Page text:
FOR 20 YEARS, Monet would produce a series of murals and smaller pieces on water lilies alone, and the mirror images of the weeping
willows on the pond beneath. INQSnap this page (not just the logo) to view more photos. PHOTOS BY ANNE A. JAMBORA
Huffing and puffing my way to Monet’s Giverny–on two wheels
The last of the riders was already turning right at the end of the block 100 meters down the road, and there I was, still on tiptoes, struggling to straddle my bike. The seat was too high, the handlebar too wide, and my forearms tense and stiff from bearing what felt like the bike’s entire weight.
I could barely hear Anne’s encouraging words behind me. Panic had taken over my body—I couldn’t get on the bike, much less pedal ahead.
This isn’t working, I thought, they’ll leave us behind! It was a crisp morning in June, but I felt hot under the flimsy silk scarf I had belatedly tied around my neck as we left the apartment in Paris, defying what turned out to be a false sunshiny weather forecast.
I must have been out of my mind to think that “it’s like riding a bike” was exactly that, when I agreed to visit Monet’s house and garden in Giverny outside of Paris on a bike. Not only was I out of shape, I couldn’t even recall the last time I was on two wheels.
On top of that, the standard bike used by the tour company was too big for petite, 5-foot me! Anne may have been as unfit as I was, but at least she used to ride competitively, and she actually owns her own bike, albeit rusting in storage somewhere.
There were over 40 of us who converged on platform 22 at Gare St. Lazare that morning for Fat Tire Bike Tours’ visit of the famous gardens and home of one of the founders of the French Impressionist school, Claude Monet. We were a merry mix of pensioners, mothers and daughters, couples, vacationers of all ages and shapes, mostly Americans and Australians. Anne and I were the only Asians.
We had belatedly signed up for the tour, while on a layover in Dubai three days earlier, as Anne’s research found that last-minute bookings have highly discounted tickets. She was right.
The itinerary was: Take the train to the town of Vernon; buy supplies in the village for a picnic lunch by the Seine; pick up our bikes and stop for lunch; then make our way to Giverny, roughly 10 km round-trip. Easy peasy. I’ve covered longer distances when I used to run. The morning was looking well: A longtime Monet fan, I was finally about to see in living color the famous gardens that were the subject of many of his famous works!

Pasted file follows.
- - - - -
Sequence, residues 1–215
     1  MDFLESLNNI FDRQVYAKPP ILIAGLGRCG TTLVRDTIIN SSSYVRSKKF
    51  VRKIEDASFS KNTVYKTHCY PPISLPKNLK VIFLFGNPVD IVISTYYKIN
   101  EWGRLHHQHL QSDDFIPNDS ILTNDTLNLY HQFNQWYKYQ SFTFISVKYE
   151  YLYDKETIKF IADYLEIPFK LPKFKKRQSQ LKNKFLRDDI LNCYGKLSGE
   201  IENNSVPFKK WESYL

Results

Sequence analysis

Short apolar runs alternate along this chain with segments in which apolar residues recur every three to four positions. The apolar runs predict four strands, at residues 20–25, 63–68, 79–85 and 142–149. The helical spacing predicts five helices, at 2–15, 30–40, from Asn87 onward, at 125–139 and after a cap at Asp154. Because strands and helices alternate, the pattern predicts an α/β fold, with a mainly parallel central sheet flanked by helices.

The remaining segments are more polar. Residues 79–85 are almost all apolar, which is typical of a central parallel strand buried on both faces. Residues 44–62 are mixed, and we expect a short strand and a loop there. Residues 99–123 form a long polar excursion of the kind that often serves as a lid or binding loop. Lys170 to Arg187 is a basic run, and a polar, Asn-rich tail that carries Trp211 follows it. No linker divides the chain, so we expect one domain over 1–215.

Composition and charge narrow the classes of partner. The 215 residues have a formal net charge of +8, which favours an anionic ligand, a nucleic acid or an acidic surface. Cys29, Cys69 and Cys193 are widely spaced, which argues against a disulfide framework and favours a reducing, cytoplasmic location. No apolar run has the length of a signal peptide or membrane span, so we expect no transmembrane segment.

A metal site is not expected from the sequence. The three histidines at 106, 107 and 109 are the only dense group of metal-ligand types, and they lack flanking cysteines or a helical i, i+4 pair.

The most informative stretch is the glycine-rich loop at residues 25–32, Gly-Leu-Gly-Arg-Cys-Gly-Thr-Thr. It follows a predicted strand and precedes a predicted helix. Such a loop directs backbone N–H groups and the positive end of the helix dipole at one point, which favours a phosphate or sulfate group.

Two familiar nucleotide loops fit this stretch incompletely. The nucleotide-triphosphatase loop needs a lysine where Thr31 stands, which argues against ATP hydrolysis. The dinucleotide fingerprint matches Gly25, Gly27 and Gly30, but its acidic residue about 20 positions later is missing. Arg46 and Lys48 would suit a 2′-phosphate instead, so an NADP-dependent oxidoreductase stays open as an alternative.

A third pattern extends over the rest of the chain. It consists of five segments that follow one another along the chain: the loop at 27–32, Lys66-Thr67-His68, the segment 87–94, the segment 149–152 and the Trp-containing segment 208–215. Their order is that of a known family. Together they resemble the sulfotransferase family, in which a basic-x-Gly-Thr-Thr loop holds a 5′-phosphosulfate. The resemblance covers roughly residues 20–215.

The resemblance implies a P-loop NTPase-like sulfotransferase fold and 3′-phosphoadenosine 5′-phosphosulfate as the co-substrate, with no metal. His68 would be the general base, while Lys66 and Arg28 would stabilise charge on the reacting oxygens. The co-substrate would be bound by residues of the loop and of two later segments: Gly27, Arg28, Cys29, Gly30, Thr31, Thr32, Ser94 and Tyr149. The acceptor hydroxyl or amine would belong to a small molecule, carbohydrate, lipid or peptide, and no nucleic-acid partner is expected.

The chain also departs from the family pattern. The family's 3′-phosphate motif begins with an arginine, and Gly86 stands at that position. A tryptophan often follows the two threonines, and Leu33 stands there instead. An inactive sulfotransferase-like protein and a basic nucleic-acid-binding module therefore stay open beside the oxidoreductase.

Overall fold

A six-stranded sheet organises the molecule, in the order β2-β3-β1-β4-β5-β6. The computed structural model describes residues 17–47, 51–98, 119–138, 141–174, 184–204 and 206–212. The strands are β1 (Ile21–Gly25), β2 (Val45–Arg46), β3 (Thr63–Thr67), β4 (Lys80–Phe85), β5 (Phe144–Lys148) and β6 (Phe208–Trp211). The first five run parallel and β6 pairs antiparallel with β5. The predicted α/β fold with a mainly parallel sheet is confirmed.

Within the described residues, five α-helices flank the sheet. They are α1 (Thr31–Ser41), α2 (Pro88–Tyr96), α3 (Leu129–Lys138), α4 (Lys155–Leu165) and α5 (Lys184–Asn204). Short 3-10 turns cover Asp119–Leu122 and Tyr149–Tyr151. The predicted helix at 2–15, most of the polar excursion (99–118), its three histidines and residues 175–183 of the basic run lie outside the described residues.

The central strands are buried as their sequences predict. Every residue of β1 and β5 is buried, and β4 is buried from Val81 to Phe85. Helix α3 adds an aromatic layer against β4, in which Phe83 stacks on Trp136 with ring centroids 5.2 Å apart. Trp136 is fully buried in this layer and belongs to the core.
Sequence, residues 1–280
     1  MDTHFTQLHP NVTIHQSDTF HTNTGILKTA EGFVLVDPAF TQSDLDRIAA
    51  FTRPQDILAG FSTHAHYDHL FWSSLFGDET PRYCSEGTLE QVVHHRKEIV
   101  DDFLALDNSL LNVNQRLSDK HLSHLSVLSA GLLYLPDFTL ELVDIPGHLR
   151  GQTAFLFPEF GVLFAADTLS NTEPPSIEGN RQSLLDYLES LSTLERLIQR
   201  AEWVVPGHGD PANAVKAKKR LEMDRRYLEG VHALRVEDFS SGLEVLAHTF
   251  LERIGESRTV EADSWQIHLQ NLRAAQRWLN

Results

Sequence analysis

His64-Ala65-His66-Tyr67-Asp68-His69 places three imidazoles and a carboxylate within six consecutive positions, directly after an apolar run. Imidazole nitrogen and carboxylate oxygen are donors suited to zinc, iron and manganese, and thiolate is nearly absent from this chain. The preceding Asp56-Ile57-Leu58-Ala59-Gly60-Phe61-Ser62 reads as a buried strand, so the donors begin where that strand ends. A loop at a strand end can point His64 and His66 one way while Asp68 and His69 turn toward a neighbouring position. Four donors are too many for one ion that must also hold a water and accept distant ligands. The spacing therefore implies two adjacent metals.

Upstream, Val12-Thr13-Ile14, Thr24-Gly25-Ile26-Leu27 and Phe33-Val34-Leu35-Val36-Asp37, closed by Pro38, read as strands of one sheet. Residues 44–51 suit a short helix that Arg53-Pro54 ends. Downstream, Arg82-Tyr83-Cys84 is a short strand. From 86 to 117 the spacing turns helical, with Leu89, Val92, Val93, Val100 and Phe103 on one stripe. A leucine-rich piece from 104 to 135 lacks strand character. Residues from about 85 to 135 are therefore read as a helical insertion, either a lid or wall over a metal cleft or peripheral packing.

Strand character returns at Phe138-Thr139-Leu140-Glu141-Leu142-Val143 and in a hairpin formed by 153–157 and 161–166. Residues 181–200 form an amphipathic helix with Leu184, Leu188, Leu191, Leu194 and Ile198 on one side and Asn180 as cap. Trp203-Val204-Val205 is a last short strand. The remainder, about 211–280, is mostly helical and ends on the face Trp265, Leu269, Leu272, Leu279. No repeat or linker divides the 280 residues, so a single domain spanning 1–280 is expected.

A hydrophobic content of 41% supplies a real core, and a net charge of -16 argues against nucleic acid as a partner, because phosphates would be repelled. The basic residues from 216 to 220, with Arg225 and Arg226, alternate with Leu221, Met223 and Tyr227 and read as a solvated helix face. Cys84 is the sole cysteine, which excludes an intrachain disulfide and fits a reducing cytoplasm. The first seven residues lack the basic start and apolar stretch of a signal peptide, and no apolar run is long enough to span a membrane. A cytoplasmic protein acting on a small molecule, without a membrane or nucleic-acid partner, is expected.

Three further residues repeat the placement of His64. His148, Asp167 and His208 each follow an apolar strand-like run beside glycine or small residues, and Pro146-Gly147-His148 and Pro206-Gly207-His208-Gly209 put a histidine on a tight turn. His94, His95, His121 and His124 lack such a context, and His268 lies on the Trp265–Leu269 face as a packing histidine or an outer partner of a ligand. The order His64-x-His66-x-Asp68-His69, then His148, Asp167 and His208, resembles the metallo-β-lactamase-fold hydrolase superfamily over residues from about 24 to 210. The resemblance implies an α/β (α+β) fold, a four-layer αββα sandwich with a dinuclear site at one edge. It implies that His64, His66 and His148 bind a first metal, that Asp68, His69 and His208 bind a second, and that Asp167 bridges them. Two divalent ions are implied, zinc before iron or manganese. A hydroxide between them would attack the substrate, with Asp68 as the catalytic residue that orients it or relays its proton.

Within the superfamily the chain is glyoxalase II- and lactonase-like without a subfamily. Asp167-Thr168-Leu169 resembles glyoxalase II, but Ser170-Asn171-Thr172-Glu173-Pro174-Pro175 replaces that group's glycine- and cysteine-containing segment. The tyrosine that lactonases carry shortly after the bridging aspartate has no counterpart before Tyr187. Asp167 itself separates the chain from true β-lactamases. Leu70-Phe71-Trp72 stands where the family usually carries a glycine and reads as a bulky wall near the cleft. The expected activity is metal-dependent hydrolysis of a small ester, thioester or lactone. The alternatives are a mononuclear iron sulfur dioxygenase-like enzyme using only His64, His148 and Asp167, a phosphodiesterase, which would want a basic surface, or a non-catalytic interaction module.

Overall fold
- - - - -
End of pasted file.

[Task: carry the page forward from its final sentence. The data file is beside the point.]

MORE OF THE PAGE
Our group was split in half, and we joined the one led by a guide named David Costigan, or Costi, a Kiwi who used to teach English in South Korea before the charms of a French girl lured him across continents. On the 40-minute train ride, Costi regaled us with stories about Monet, hinting at some juicier details to be shared later in the day.
He had with him a few books, with visual guides suggesting what to expect during the tour, images of Monet’s famous works, including some from the artist’s series on Gare St. Lazare, the train station where we just came from.
It began to drizzle steadily by the time we reached Vernon, but tours run rain or shine. Everyone was a trouper.
Costi led us to the commercial center of the small village, the street signs of which had replicas of Monet’s paintings. The guide pointed out where we ought to be headed: the local fromagerie (cheese shop), the boulangerie (bakery), the charcuterie (deli), the fruit stand.
The Normandy region where Vernon is located is known for its orchards, so Costi suggested we try the ciders (made of apples), or the tarts and pies made with fruits.
“Forget the macaron; you can have those in Paris,” he added.
“If you want to try something before you buy, say, ‘Goute, s’il vous plait? (May I taste, please?)” He added in warning, “Remember that too much goute will end up in a big boote (booty)!”
The fromagerie was small, but it had every imaginable shape and variety of cheese that I could’ve goute-d all day! There was a period last year when I got so obsessed with cheese I had some after each meal.
This time, I was content to just feast my eyes, so Anne and I settled for small wheels of Camembert and chevre, remembering Costi’s warning about smelly bags bearing funky cheese.
We also got slivers of Costi’s recommended saucisson (dry cured sausage) and chorizo from the friendly shopkeeper who didn’t speak English. (We got by somehow with sign language. I had memorized a few French phrases, but when I needed to say them, my tongue got stage fright! We found that a simple “Bonjour!” with a smile invariably received a reply that was just as warm. Contrary to reputation, the French, Parisians included, can be friendly.)
Not far from the market, Costi led us to a garage where we were each given our bikes, and were taught how to adjust the seats, the gears, attach the basket. I should’ve paid attention more, I later rued.
Each bike had a name. “I never thought I’ll get to say this: I’m riding ’Tom Brady!’” said a woman from Ohio. “Call me Gisele,” she added, referring to the supermodel wife of the football star. No thanks to the debacle that ensued, I forgot what mine was called.
I don’t know how many times I had almost taken a spill or how many minutes had passed before, finally, I was easily pedaling behind the rest of the pack.
Along the way, we passed 15th-century houses, and a stunning Gothic church from the 11th century. Costi told us to dominate an entire lane and ride close to the pack to deter aggressive motorists from running us off the road.
The implication of that warning didn’t quite sink in until I saw cars coming from every direction! It brought back terrifying childhood memories riding alongside 10-wheeler trucks and buses on the highway back home up north; I was never a confident rider.